Pictured: Global food production, particularly animal agriculture, is the single largest driver of environmental degradation, accounting for 19 to 29 percent of climate-warming greenhouse gas (GHG) emissions globally (more than the entire transportation sector). When cows digest their food, they burp up methane.
Lorraine Mongiello, DRPH, RDN, CDE, associate professor of interdisciplinary health sciences, is worried about the earth. Fortunately, what’s good for the earth is good for the human diet, and vice versa. Unfortunately, according to Mongiello, that means humans’ poor diet choices have instigated a vicious circle: the climate gets warmer due to animal agriculture; warmer conditions and diets based on animal agriculture contribute to dangerous illness (both infectious diseases and lifestyle-based conditions like atherosclerosis and high blood pressure); and, as people resist changing their diet, the environment continues to get warmer. This is where nutritionists come in.
March is National Nutrition Month, and Mongiello is planning a trio of hard-hitting conference presentations to encourage nutritionists to keep environmental questions at the center of their professional practice. Called “The Dietary Triple Threat: COVID, Climate, and Chronic Disease,” the project ties the current pandemic to environmental conditions and lifestyle choices we can influence, individually and collectively, to make the world safer and healthier.
Diet Tied to Chronic Diseases and a Warming Earth
A diabetes specialist, Mongiello is well acquainted with the effects of a diet laden with excess calories and saturated fat. Diets rich in processed foods and animal products contribute to chronic diseases like heart disease. Most Americans know the risks—at least in theory.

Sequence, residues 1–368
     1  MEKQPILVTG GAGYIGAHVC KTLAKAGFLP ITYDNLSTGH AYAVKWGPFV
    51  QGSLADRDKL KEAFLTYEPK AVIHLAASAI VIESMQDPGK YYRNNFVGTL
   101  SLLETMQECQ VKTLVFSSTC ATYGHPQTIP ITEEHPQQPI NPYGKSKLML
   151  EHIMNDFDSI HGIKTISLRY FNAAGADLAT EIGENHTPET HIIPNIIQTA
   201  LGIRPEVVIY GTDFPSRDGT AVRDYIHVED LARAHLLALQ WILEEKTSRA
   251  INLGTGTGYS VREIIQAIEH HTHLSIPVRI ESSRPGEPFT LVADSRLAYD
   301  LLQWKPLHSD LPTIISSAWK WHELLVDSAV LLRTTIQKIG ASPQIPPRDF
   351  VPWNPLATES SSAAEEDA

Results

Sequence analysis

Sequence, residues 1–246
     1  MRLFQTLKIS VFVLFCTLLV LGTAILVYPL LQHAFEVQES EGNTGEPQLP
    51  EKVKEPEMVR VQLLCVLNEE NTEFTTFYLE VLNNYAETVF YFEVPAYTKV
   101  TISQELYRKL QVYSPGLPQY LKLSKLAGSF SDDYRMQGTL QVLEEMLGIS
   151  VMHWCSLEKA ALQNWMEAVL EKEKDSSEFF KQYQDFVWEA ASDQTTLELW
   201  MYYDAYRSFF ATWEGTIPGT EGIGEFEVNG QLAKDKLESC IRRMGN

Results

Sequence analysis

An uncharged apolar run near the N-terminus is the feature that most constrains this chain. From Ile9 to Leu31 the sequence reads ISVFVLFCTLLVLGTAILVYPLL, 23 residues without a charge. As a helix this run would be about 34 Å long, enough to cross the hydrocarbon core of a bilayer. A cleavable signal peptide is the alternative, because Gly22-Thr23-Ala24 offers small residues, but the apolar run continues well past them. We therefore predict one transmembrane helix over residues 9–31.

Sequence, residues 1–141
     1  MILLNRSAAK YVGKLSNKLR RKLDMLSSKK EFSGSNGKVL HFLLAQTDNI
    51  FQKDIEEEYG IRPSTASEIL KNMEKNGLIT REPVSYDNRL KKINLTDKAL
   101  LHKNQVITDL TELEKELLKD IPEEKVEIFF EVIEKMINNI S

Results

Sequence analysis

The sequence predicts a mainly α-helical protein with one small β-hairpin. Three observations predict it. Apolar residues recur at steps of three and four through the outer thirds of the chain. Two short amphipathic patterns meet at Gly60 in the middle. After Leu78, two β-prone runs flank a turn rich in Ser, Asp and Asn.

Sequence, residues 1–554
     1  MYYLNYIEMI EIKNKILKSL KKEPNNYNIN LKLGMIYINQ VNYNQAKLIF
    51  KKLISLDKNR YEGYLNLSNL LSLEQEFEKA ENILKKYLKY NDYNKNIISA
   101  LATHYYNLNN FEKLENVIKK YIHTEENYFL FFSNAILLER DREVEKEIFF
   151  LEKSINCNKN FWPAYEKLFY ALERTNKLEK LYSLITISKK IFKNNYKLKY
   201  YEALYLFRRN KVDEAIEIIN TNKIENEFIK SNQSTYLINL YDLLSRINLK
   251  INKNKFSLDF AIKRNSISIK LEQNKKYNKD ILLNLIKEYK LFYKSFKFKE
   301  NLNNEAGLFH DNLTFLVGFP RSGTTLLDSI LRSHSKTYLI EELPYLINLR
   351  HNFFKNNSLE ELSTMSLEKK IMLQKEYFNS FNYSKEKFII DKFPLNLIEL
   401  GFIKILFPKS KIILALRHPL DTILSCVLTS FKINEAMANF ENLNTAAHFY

Mongiello’s work points to a less obvious effect of our diet choices: the earth’s continued suitability to sustain human health. Consider the following:
- Global food production, particularly animal agriculture, is the single largest driver of environmental degradation, accounting for 19 to 29 percent of climate-warming greenhouse gas (GHG) emissions globally (more than the entire transportation sector). When cows digest their food, they burp up methane.
- In Central and South America, five million acres of rainforest per year are cut back to make room for cattle pasture. When forests are cleared to make room for farms and livestock, large stores of carbon are released into the atmosphere, which in turn heats up the planet.
- It takes 2,500 gallons of water, 12 lbs. of grain, 35 lbs. of topsoil, and the energy equivalent of one gallon of gas to produce one lb. of beef. You can feed more people with the 12 lbs. of grain, it would be healthier, and have less of an environmental impact.
- Livestock production contributes to antimicrobial resistance, another looming threat to human health.
As temperatures rise, the safety of the animal-based food supply is impacted. For example, raw chicken will go bad more quickly as salmonella will be able to reproduce more easily.
Students in Lorraine Mongiello’s nutrition class study the importance of a plant-based diet. As part of the coursework, each student prepared a meal using ingredients that are primarily unprocessed and animal-free. Student Haroon Dar cooked a healthy fish cake option.